Aide who called Dominic Cummings ‘unkind’ to leave post | Politics

Downing Street has confirmed that the special adviser who confronted Dominic Cummings over his “unkindness” at a recent meeting is leaving the government.

Lynn Davidson, an aide to the defence secretary Ben Wallace, was asked to move post as part of a special advisers’ (Spad) reshuffle, in February, government insiders said – before she publicly upbraided Cummings over his treatment of aides.

On 14 February, at the weekly Spad meeting, Davidson reportedly criticised Cummings over his approach to government advisers.

Sources say Cummings, Johnson’s de facto chief of staff, played no role in Davidson’s departure – though one fellow aide said Cummings had referred to her as “the ex-MoD Spad” at a recent meeting.

They also suggest No 10 had sought to move her to another department, either health or education. But, in a development first reported by Buzzfeed, the former Sun journalist is now expected to leave the government.

Wallace, a longtime Johnson loyalist, had been widely tipped as at risk in the reshuffle but he kept his job as defence secretary.

The confrontation between Davidson and Cummings came after Sajid Javid dramatically resigned as chancellor, rather than accept that five of his aides would be sacked and their posts absorbed into a new handpicked “Spad unit” to serve the Treasury and No 10.

In his resignation speech, Javid said he believed the arrangement was not in the “national interest” and chancellors needed to be able to “speak truth to power”.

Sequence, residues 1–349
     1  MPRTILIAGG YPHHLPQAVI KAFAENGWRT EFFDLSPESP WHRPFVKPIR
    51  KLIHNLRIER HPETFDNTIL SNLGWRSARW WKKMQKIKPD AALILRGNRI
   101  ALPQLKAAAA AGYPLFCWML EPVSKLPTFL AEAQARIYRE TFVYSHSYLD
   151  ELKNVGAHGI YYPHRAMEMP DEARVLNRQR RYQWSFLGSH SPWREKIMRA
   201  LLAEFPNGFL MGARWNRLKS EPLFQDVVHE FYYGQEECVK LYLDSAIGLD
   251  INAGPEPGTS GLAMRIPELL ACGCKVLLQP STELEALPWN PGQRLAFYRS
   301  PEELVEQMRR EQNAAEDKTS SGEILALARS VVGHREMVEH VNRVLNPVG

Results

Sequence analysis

No 10 has taken a close interest in the role of ministerial advisers, removing or reshuffling those deemed not to be in tune with the government’s ethos – or suspected of leaking.

Several aides were asked to move departments alongside last month’s cabinet reshuffle. The government announced a new approach to recruiting advisers – unusually giving the consultancy Hanbury Strategy, whose directors include the Vote Leave strategist Paul Stephenson, a role in finding applicants. It also launched a website,

Boris Johnson’s powerful director of communications, Lee Cain, would have the final say in all appointments, the government said.

Cummings has previously faced criticism over what some describe as his high-handed behaviour – in particular over the controversial sacking of the media adviser Sonia Khan, who was marched out of Downing Street over leak allegations after he demanded she hand over her phone.

He also drew criticism for hiring Andrew Sabisky, a temporary contractor who resigned over comments he had made about eugenics and race.

Davidson could not be reached for comment.

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